By Anna Tarasova ’19
Systemic lupus erythematosus (SLE) is an uncommon but debilitating autoimmune disease that is accompanied by psychiatric and neurological symptoms in 75% of cases. SLE with these neuropsychiatric symptoms that include depression, anxiety, and seizures is known as CNS lupus. The mechanism behind CNS lupus has long been a mystery.
Dr. Allison Bialas and her team analyzed SLE progression in a lupus-prone mouse strain. 50-80% of SLE lupus patients express type I interferons (IFN), which elevate the immune response. Type I IFN interact with IFNAR receptors, which are found on microglia, the immune cells of the nervous system. When this interaction occurs, the microglia begin to engulf surrounding nervous tissue, including neuronal and synaptic material. This mechanism could explain the complex of neuropsychological symptoms that can further complicate a diagnosis of SLE.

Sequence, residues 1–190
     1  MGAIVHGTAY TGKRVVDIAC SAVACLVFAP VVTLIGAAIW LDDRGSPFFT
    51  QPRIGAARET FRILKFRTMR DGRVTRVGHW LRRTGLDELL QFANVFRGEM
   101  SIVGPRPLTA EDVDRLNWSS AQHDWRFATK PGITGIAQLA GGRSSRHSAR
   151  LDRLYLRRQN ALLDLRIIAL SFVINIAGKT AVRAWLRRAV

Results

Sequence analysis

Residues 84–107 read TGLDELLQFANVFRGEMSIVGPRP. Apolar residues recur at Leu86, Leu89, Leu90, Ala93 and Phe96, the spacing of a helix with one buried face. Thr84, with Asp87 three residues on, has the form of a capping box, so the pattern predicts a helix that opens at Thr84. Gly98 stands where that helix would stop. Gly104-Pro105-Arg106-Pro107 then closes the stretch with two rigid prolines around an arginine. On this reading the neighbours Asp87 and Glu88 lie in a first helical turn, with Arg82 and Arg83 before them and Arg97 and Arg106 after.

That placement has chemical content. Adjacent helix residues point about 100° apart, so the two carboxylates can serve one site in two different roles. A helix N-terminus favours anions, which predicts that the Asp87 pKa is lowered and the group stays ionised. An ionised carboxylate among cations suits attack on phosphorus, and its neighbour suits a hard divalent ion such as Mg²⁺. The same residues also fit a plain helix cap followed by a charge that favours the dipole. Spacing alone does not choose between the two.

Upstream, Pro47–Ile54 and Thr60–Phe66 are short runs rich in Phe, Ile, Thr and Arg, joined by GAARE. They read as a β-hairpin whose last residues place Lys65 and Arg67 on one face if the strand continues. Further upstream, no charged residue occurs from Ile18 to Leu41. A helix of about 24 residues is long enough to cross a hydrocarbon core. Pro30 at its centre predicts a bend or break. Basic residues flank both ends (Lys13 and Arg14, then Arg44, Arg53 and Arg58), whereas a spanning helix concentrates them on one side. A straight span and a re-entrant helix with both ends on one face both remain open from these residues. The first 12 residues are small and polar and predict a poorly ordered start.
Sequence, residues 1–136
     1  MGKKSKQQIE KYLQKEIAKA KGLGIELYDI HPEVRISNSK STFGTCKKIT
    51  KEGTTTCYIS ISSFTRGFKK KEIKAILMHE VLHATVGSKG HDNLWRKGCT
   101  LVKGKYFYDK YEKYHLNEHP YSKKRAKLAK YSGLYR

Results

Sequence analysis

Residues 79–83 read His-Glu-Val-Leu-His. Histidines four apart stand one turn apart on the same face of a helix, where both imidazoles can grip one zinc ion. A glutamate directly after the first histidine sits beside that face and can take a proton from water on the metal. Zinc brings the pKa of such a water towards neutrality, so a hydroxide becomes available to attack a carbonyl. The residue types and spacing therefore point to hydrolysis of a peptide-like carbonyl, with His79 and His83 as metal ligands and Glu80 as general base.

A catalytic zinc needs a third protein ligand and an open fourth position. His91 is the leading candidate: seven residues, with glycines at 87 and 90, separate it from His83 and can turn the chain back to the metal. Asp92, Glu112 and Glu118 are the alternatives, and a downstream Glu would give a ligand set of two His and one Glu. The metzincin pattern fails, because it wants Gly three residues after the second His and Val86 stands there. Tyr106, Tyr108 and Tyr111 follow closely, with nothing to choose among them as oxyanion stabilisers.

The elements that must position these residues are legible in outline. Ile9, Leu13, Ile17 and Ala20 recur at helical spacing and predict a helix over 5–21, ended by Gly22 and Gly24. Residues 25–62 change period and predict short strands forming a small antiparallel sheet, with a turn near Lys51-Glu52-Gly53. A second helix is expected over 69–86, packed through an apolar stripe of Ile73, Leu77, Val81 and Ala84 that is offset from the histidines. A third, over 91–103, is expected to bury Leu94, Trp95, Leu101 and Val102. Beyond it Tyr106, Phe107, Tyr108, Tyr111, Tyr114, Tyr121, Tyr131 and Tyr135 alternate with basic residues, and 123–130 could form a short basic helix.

In this study, lupus-prone mice were treated with IFNAR-blocking antibody to evaluate the role of IFNAR in promoting microglia function as part of CNS lupus. The IFNAR-blocking treatment was found to significantly lower the number of reactive microglia. Less reactive microglia could mean less engulfment of neural tissue and thus less lupus-related neurological symptoms. Following their experiments with IFNAR, the researchers used transmission electron microscopy (TEM) to determine what types of neuronal tissue were affected by the overactive microglia. Synapses or points of contact between neurons, were found to be the type of tissue most frequently damaged. The reason for this, however, remains unclear.
CNS lupus patients can be left out of clinical trials because neuropsychological symptoms can make testing treatments more difficult and the process through which lupus affects the brain is unknown. In the future, treatment with IFNAR blockers may alleviate the psychological aspect commonly present in lupus and allow these patients to participate in studies.
- A. Bialas et al., Microglia-dependent synapse loss in type I interferon-mediated lupus. Nature, 2017. doi: 10.1038/nature22821